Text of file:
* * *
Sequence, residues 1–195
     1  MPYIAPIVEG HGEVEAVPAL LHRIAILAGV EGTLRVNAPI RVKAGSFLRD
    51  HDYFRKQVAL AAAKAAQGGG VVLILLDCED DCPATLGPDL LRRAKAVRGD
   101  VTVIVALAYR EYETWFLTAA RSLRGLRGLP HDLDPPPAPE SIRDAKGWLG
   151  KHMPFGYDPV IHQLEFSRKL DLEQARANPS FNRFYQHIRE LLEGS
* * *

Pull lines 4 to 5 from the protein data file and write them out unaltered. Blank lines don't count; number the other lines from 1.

   101  VTVIVALAYR EYETWFLTAA RSLRGLRGLP HDLDPPPAPE SIRDAKGWLG
   151  KHMPFGYDPV IHQLEFSRKL DLEQARANPS FNRFYQHIRE LLEGS